40 Time: 4.85
Scout.com Draft Ranking: 17th overall, 4th at position
Projected draft slot: Mid first round
Strengths: James is quick off the snap, plays low with leverage and immediately alters his angle of attack. He is fluid moving up and down the line of scrimmage, redirects to the action and displays great range. Rarely off his feet, James collapses outside-in to defend the run. Good speed to the sidelines and always working to get involved in the action.
Weaknesses: If a blocker engages him, he has a tough time getting free. He also has difficulty if opponents run straight at him.
James is a tremendous pass rusher coming off a terrific senior campaign where he claimed Big Ten Defensive Player of the Year honors. He makes a lot of plays up the field and is tough to block. A history of injuries has raised durability questions.
After missing the entire 2003 season with a hip injury, Erasmus James had a breakout 2004 campaign, both for Wisconsin and for his prospects in the NFL draft. Before he gained first-round status, however, the questions about the hip injury had to be answered. From a Scout.com report:
"The first thing when you get in there and they're looking down your sheet and they see a hip injury," James said. "And when you see a hip injury, that's a pretty big issue. So they looked at it and checked it out right away."An ankle injury forced him to the sidelines for part of the 2004 season. While problems such as an ankle sprain don't tend to linger and create long-term problems the issue of James' overall durability has come into question.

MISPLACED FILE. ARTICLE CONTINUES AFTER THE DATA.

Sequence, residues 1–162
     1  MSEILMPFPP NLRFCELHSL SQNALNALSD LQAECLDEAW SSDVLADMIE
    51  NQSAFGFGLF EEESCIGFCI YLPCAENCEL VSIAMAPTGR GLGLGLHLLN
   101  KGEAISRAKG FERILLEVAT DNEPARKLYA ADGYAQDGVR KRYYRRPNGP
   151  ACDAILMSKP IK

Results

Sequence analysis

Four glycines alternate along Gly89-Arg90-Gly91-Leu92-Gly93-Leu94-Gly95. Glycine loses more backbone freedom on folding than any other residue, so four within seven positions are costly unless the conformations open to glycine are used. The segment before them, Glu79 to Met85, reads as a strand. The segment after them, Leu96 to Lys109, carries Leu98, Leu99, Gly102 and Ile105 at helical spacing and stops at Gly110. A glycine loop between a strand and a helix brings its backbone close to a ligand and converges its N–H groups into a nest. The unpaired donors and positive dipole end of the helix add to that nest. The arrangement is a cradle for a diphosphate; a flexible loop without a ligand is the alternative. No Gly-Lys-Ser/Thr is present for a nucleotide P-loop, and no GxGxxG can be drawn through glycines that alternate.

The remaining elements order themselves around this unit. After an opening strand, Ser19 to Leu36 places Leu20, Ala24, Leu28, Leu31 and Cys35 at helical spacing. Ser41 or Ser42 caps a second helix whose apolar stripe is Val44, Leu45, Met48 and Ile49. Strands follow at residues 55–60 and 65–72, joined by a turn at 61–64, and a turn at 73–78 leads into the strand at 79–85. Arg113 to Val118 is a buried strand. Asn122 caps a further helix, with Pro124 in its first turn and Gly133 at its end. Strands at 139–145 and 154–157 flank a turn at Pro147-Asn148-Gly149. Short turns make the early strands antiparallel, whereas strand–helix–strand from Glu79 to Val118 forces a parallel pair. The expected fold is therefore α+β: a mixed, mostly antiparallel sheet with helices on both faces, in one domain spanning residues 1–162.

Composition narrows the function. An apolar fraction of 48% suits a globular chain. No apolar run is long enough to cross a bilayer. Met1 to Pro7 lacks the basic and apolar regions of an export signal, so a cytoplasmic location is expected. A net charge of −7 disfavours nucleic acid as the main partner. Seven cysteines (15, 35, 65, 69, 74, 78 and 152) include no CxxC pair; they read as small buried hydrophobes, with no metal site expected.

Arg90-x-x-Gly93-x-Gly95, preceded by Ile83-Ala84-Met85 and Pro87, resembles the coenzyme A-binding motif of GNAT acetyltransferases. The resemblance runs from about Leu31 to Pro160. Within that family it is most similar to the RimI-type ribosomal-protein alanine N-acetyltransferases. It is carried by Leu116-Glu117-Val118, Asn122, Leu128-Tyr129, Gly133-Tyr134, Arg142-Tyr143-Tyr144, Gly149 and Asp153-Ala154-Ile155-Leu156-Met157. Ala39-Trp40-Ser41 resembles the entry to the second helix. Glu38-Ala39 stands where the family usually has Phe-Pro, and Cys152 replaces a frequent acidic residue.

Luckily for James, the trainers walked away confident of his condition.
"They did a lot," admitted James, "but it passed with flying colors."
There's no question that he's a top-flight talent when he's on the field. His speed, quickness, and always-running motor force opposing offensive coordinators to game plan around him. He excels as both a pass rusher and against the run (although, as mentioned, you can run right at him with some success).
James' athletic ability is such that he's being looked at as a potential linebacker in a 3-4 scheme even though he's worked out of a three-point stance his entire college career. While at 270 he's not a classic "tweener", the problem is that James may not have the size to properly defend the run as an end, and may not have the agility to hold up in pass coverage. However, he was quick to eschew such concerns.
"I think I'd be a very good fit in a 3-4," James said. "I think I can be good against the run. I got great hip extension and this past year I've proven to the scouts that I can stop the run. I feel very comfortable."
The question is, given his injury questions, can an NFL team feel comfortable about drafting him?
Fit With Redskins
Redskins defensive coordinator Greg Blache has let it be known that he would love it if the Skins would add James to his unit. There's no question that James would be a good fit in virtually any NFL system, including that of Gregg Williams. He could have instant impact when it comes to the pass rush and would be all over the field on every play. With a rotation in place with James, Philip Daniels and Renaldo Wynn, James' durability questions would be less of an issue than they would be in a place where he was expected to play every snap.
It would be a terrific reach to take him with the #9 pick, however, if he falls to #25 that would likely mean that, players such as Marcus Spears, David Pollack and Dan Cody are gone. Would they take James, probably the most talented of the three or pass due to the health concerns? It depends on how much of a voice Greg Blache has in the draft room.